“By mid-2021, the latest tax filings available, the nation’s largest liberal dark-money network had already raked in some $1.5 billion for the midterm elections.”
Democrats say they want big money and dark money out of politics. That’s simply not true. They’re swimming in dark money.
Susan Crabtree writes at Real Clear Politics:
Democrats’ Dark-Money Devotion
Secretive liberal dark-money groups spent hundreds of millions of dollars to boost Democrats’ 2022 midterm ground game, pushing the limits of election law while helping to reduce an expected red Republican wave to little more than a ripple.
Still smarting from the underwhelming midterm results, some Republicans are calling on party leaders to replicate those turnout efforts on the right or risk continued disappointments at the ballot box. But doing so is no easy task, veteran GOP operatives argue, especially considering Democrats’ reliance on union foot soldiers for tactical operations, and the sheer magnitude of the money and complex infrastructure their side is devoting to the effort.
By mid-2021, the latest tax filings available, the nation’s largest liberal dark-money network had already raked in some $1.5 billion for the midterm elections. The final number is almost certainly much higher, as groups affiliated with Arabella Advisors, a D.C. consulting firm that works with a network of nonprofits bankrolling liberal and progressive causes, kept collecting and spending in the months leading up to the November midterms.
But beyond the overall figure these dark-money groups amassed, the tax filings show that a handful of well-funded liberal groups have channeled hundreds of millions of dollars into crucial ground-game efforts, such as voter registration drives in minority communities and final get-out-the-vote efforts.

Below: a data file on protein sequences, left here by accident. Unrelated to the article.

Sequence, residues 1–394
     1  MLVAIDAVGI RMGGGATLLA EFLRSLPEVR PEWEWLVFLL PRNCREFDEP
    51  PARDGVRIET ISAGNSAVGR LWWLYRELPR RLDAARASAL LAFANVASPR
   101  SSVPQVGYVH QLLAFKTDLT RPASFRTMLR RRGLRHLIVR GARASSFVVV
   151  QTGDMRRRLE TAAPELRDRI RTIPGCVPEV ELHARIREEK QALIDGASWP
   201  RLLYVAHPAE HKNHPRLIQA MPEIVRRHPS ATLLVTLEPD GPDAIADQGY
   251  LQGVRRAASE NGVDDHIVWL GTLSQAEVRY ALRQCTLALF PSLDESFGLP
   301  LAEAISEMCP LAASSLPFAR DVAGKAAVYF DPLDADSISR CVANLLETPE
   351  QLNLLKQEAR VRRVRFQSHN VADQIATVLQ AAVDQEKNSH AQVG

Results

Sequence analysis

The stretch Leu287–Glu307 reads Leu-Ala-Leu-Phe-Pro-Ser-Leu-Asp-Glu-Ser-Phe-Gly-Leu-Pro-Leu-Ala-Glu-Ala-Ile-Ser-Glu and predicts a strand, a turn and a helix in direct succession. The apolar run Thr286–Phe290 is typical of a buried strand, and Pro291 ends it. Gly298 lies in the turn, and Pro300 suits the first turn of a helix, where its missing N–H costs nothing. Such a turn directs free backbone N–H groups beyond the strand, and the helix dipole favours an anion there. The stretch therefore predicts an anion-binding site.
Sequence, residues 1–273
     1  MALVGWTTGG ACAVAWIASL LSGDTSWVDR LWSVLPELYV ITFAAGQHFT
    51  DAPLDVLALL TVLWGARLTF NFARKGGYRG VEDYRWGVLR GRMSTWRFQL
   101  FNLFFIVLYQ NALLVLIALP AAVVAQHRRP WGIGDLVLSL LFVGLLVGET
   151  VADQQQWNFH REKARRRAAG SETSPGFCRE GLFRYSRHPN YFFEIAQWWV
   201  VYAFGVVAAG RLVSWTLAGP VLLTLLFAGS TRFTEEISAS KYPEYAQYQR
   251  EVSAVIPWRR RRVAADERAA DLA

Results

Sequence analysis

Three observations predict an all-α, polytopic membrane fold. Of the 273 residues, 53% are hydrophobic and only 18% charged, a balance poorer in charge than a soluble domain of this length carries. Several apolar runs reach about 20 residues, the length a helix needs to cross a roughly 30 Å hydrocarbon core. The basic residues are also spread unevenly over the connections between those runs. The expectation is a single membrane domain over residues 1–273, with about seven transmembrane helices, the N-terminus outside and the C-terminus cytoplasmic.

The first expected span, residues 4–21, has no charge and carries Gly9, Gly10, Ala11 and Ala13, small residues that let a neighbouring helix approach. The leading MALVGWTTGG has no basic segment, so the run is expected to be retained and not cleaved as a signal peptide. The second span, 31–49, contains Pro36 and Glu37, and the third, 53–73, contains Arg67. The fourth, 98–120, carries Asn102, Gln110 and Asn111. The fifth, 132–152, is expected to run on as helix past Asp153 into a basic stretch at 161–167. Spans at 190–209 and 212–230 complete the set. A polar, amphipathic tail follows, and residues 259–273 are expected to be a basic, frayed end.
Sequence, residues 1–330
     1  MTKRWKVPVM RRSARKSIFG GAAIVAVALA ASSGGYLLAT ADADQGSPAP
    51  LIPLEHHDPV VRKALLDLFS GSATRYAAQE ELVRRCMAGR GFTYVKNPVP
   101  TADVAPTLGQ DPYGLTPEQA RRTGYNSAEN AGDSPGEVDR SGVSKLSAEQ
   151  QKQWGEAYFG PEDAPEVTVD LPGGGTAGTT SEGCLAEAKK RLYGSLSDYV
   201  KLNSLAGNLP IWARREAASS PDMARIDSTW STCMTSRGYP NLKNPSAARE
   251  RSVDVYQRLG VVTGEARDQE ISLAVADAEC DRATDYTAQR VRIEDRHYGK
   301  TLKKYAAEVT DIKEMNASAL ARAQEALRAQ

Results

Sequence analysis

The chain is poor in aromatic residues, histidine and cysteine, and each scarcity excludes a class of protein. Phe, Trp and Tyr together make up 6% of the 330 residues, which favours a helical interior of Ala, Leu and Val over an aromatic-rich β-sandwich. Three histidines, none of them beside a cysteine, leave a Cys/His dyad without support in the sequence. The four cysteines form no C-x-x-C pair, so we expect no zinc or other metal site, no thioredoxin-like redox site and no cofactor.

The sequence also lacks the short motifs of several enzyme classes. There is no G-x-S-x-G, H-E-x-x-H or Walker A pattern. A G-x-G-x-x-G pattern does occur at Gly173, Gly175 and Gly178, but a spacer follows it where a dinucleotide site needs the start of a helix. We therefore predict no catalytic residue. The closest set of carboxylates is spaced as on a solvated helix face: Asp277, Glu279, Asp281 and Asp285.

The groups often use vague language in describing their activities to avoid triggering IRS rules that provide big tax exemptions as long as the work remains nonpartisan or abides by certain limits on its partisan work.
For instance, the Hopewell Fund, a 501(c)3 that is part of the Arabella network, reported spending $89 million in 2021 on civil rights advocacy and social actions, including “improving civic engagement among underrepresented groups.” The Sixteen Thirty Fund, a 501(c)4, which has greater legal latitude in conducting partisan turnout efforts, said it spent $76.65 million in 2021 on a “broad array of projects” promoting “civil rights, social action, and advocacy” including “working to ensure voting access and civic participation.”
Donations tax deductible
to the full extent allowed by law.